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In Chapter II of his book Non-Euclidean Geometry (1961; first published in Polish, 1956), Stefan Kulczycki defines a mapping of the hyperbolic plane onto the interior of a disk. Its construction begins by specifying a center O and an acute angle α. Given those, the image P’ of an arbitrary point P is found as follows: drop a perpendicular PQ from P to a radial line making the angle α with OP, then mark off the distance OP’ = OQ on OP. Thus P' lies on OP between O and P. Using Hjelmslev's theorem in absolute geometry (1907), one shows that the mapping preserves straightness.

Where did this mapping, together with its property of preserving straightness, first appear?

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According to the "Hjelmslev transformation" page on the English language Wikipedia, this mapping is due to Johannes Hjelmslev himself who studied its properties and proved it preserves straightness.

The corresponding "Transformación de Hjelmslev" page on the Spanish language Wikipedia states that too, with additionally a reference to

  • Reports of a mathematical colloquium, vol 4--8, University of Notre Dame, 1943.

Excerpts of those reports on Google Books show hits for "Hjelsmlev transformation".

They are from a paper published in three parts in the "Reports":

  • James C. Abbott. The projective theory of non-euclidean geometry I. In: Reports of a mathematical colloquium, second series, issue 3, edited by Karl Menger, Notre Dame University Press, 1941. Pages 13--27.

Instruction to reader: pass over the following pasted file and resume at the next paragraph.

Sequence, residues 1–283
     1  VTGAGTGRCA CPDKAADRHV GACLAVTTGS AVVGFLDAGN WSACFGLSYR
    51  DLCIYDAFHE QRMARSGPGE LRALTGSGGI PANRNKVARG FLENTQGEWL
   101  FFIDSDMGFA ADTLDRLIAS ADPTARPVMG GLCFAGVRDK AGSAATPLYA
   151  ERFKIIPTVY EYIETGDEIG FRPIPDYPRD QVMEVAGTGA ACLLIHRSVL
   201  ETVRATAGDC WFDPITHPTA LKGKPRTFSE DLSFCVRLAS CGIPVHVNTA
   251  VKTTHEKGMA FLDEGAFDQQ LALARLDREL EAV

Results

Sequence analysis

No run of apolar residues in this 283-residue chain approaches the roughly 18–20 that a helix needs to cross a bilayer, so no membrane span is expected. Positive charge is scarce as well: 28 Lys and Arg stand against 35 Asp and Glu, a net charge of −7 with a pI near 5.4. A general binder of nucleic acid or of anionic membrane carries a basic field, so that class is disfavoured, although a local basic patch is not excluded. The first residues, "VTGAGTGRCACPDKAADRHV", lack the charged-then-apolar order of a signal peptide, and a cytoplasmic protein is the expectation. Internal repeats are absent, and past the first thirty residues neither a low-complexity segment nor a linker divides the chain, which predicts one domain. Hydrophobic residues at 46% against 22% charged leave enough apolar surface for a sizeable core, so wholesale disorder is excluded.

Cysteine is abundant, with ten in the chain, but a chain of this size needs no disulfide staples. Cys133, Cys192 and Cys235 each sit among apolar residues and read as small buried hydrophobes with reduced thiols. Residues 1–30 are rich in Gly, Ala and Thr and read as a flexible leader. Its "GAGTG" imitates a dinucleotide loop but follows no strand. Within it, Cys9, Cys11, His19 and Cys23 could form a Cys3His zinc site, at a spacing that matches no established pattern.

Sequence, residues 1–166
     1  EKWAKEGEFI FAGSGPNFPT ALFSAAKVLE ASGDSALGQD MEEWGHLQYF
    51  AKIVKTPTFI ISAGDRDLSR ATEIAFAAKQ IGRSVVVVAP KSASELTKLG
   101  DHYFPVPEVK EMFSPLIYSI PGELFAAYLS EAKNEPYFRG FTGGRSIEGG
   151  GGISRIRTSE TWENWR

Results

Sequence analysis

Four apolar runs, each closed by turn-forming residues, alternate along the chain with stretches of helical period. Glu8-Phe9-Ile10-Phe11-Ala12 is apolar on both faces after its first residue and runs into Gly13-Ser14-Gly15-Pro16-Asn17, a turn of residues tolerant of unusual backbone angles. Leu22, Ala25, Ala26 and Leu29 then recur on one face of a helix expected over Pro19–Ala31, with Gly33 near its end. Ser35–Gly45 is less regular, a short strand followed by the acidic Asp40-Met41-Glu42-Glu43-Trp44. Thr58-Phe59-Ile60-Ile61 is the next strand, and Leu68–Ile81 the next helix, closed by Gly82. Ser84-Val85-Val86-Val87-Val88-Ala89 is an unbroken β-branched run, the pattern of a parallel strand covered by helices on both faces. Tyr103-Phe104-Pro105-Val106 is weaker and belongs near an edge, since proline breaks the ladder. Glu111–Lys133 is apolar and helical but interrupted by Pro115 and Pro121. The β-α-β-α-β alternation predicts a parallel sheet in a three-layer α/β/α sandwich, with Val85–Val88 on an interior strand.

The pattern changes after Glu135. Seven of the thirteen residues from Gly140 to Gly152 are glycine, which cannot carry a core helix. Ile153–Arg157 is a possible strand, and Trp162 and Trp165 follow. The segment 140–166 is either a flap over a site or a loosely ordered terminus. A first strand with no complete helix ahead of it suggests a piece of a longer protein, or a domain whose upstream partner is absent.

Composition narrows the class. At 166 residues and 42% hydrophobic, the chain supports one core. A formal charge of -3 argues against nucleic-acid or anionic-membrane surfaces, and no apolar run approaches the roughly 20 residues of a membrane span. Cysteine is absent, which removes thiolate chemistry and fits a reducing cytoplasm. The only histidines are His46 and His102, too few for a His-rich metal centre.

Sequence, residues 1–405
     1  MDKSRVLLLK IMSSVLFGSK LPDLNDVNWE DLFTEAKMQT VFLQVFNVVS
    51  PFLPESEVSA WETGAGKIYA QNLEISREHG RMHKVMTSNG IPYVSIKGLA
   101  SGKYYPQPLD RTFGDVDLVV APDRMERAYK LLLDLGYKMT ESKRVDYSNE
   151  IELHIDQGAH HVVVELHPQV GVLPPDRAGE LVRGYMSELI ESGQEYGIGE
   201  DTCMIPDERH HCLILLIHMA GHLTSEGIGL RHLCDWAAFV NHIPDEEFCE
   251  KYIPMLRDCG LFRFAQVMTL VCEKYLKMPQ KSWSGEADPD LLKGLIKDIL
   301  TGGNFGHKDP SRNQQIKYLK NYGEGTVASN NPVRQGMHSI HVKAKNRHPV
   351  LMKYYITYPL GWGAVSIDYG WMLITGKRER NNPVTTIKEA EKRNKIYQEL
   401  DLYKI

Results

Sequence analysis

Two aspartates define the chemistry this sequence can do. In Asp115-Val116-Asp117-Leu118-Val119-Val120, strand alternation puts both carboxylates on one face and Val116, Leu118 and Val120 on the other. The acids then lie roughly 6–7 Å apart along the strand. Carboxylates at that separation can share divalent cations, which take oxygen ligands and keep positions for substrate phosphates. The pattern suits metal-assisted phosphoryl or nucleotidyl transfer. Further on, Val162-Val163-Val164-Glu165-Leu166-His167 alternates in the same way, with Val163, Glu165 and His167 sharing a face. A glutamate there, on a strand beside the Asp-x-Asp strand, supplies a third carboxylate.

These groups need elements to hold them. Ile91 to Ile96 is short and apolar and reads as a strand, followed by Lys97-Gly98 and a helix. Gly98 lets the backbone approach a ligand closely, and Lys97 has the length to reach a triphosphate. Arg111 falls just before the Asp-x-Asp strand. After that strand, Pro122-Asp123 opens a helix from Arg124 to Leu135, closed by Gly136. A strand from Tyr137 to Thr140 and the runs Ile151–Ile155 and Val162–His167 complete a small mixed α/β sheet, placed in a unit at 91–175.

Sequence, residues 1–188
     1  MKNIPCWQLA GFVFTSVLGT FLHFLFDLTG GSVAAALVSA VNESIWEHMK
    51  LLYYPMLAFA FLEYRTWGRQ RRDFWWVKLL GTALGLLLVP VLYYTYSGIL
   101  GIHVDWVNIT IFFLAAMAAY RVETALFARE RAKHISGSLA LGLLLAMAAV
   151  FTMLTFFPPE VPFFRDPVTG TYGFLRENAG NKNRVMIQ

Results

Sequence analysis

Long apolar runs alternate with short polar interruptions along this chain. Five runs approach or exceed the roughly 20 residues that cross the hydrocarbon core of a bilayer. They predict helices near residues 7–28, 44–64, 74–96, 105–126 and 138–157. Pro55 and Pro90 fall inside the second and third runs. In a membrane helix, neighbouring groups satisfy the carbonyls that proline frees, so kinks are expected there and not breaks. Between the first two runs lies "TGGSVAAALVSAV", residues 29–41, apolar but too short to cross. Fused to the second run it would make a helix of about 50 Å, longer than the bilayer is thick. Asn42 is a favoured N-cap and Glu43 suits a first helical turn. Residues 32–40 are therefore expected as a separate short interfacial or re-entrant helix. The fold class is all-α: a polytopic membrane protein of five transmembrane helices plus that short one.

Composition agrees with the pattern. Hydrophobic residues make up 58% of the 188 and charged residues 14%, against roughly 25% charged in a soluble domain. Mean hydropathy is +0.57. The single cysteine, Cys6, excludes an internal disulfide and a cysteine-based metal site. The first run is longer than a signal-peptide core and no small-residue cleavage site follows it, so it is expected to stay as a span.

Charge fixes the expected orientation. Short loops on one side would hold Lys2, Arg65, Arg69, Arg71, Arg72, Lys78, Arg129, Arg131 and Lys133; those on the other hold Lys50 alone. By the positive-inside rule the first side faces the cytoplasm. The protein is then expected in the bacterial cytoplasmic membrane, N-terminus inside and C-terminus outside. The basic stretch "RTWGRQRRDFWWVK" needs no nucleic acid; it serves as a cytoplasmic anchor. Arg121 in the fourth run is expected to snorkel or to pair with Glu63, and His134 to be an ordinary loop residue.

• James C. Abbott. The projective theory of non-euclidean geometry II. In: Reports of a mathematical colloquium, second series, issue 4, edited by Karl Menger, Notre Dame University Press, 1943. Pages 22--30.

  • James C. Abbott. The projective theory of non-euclidean geometry (conclusion). In: Reports of a mathematical colloquium, second series, issue 5-6, edited by Karl Menger, Notre Dame University Press, 1944. Pages 43--52.

and more precisely, they come from the fifth section, which is contained in the last part of the article, in issue 5-6 of the Reports.

Extra links:

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  • $\begingroup$ Thank you for the references. Unfortunately, the Wikipedia article cites no sources. Hjelmslev's 1907 paper does not address the application of his theorem to non-Euclidean geometry. Without further information, there is no reason to attribute that application to him. $\endgroup$
    – Firestone
    Dec 29 '20 at 15:49
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    $\begingroup$ Thanks again for pusuing this! Google's exiguous snippets give us the phrase, and even an indication that it means the kind of thing I'm interested in, but, alas, no suggestion of the crucial preservation of straightness. So the book is needed. WorldCat finds 5 copies, all (unlike me) in Europe, 2 of them in Paris libraries: at Sorbonne Université, and at Bibliothèque Interuniv Science Jussieu-RCON. If you should happen to visit one of those... Well, perhaps when times are better. $\endgroup$
    – Firestone
    Dec 30 '20 at 21:42
  • $\begingroup$ Email me for a scanned version of Abbott's paper. $\endgroup$ Nov 12 at 16:15

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